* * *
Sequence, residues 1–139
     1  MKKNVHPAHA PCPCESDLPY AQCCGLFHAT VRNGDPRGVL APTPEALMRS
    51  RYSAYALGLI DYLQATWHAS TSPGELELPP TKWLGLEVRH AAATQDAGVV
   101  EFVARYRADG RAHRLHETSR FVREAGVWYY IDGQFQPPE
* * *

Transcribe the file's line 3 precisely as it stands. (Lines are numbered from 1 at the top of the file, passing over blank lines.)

    51  RYSAYALGLI DYLQATWHAS TSPGELELPP TKWLGLEVRH AAATQDAGVV